Morbidly Obese Women and Their Health Risks for PCOS and Diabetes
For morbidly obese women, all of the common risks of obesity apply. The risk of many diseases like heart condition and diabetes is raised. Joint problems are another usual side effect of obesity, too. But there’s one health problem that bears upon morbidly obese women in high numbers.
PCOS or Polycystic Ovary Syndrome is a condition that women can suffer from since it involves the reproductive organs. It can induce problems in heavy teenagers as well as adult morbidly obese women.
Not every obese female person will suffer from PCOS, but the numbers and percentages are eminent. This is because PCOS usually takes place before diabetes occurs. It’s often regarded as a precursor to diabetes, because it’s believed to be caused by insulin resistance, the same thing that induces Type II diabetes.
Insulin resistance happens in morbidly obese women and men and can result to diabetes in both sexes. But for women it can also result to Polycystic Ovary Syndrome.
When a person is overweight, her body quits being efficient at getting rid of glucose from the bloodstream. It’s not just body fat that adds to this though. It’s much more about what a person eats up than what a person weights.
A diet rich in foods that are absorbed rapidly into the blood stream causes larger measures of insulin to be discharged into the bloodstream to help take out the glucose. Simple carbs that cause this speedy insulin response include foods that bear flour and sugar. These foods cause a speedy rise in blood glucose and then insulin levels.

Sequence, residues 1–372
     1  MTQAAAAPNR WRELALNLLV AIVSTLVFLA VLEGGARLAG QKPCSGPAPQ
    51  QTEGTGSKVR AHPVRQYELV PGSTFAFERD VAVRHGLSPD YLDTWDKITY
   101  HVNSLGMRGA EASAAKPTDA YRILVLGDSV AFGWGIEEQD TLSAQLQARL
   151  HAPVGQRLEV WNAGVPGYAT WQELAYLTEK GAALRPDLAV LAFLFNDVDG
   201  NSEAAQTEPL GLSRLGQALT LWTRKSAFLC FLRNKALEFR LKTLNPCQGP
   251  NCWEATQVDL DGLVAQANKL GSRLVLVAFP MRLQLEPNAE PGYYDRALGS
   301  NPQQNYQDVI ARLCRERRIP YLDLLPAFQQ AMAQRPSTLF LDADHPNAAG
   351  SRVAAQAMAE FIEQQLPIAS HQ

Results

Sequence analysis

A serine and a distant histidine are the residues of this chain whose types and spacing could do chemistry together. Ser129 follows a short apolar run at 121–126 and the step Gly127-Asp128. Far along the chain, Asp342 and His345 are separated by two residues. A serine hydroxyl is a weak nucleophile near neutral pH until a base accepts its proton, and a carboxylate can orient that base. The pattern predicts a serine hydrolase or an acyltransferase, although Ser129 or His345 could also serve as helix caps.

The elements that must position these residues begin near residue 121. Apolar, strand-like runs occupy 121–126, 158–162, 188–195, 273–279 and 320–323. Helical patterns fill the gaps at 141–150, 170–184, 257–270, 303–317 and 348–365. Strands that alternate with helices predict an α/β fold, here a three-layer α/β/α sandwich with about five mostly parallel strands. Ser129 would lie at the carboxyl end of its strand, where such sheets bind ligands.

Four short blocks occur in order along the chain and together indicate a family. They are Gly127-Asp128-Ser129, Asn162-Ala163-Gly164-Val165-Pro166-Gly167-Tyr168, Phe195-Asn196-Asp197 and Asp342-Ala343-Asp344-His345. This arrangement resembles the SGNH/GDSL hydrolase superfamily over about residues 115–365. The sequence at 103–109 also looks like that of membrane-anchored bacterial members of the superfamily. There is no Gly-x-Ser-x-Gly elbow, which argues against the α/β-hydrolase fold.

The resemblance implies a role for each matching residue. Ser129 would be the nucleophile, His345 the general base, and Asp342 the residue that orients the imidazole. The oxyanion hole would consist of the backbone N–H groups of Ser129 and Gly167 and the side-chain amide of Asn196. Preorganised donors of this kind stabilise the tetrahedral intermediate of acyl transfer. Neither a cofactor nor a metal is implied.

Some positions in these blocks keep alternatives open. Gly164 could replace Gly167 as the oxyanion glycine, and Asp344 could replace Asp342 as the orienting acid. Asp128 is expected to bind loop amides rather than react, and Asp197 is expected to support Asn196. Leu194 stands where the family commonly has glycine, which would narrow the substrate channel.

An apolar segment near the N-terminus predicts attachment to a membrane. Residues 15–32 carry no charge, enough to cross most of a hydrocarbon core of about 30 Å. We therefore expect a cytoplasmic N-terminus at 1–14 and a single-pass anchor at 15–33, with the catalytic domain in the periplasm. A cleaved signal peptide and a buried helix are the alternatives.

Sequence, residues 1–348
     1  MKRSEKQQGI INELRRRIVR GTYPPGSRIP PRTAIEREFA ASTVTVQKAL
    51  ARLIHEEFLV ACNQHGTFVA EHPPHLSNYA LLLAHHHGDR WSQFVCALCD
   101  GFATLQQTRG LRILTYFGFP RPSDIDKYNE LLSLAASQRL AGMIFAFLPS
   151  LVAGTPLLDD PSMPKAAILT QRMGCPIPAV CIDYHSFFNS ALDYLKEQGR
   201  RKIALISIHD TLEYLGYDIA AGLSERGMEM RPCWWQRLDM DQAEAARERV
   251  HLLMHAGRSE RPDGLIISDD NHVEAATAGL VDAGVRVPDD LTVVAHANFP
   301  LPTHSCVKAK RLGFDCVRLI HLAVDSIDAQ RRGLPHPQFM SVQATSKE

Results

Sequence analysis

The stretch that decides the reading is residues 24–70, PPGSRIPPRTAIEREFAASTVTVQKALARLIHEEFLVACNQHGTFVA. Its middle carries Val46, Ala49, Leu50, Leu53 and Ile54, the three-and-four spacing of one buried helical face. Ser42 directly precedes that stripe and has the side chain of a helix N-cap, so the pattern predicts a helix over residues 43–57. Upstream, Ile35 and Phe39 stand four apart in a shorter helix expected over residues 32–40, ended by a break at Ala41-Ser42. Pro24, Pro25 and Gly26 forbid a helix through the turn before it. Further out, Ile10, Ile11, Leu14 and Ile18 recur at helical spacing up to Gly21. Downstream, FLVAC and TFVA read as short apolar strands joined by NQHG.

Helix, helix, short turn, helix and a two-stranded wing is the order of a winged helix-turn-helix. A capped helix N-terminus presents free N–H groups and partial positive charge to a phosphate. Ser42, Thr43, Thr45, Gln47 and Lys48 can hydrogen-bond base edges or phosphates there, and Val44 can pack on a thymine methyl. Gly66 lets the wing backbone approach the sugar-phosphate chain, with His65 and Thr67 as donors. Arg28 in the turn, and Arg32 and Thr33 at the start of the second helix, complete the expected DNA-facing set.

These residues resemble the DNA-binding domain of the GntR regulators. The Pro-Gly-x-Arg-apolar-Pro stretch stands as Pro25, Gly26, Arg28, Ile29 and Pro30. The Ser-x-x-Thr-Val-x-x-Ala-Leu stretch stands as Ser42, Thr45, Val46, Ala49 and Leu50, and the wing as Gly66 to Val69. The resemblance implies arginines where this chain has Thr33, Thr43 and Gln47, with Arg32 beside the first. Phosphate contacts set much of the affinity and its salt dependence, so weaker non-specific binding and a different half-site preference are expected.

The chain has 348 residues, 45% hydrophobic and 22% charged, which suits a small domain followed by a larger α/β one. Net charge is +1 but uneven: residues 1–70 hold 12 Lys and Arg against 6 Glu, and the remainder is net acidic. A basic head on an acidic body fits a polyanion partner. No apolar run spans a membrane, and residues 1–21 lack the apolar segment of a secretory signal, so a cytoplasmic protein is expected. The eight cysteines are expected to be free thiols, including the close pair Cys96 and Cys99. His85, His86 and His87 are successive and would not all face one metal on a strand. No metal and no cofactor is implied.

After requiring to produce extra amounts of insulin for an extended time, the body can no longer keep up. It can’t bring out enough insulin to efficiently get rid of the blood glucose. When this starts to happen, it’s called insulin resistance. This is the stage when PCOS will generally develop in morbidly obese women.
It can also happen in women of a healthy weight, if their diets are plentiful in simple carbs and foods that induce a fast insulin response.
The insulin resistance will typically lead to diabetes, but the PCOS in the meantime induces other problems. The syndrome causes brought up levels of testosterone in the blood stream. This can head to troubles with fertility including an inability to get pregnant.
Because the hormone levels are off, very often a morbidly obese woman with PCOS will skip over periods, have shorter periods, or cease having them altogether. This can happen in teens to and those who don’t have a weight problem. But it is more usual among people who have extra weight.
Acne can erupt as result of PCOS and the increased testosterone. Hair loss can come about, much as it does in males with male pattern baldness. And hair growth is often induced because of the male hormone that causes hair growth in men.
PCOS is a signal that a person has trouble with insulin resistance and is at high risk of acquiring diabetes. Luckily for morbidly obese women and anybody with the condition, the change to a proper diet can relieve the symptoms.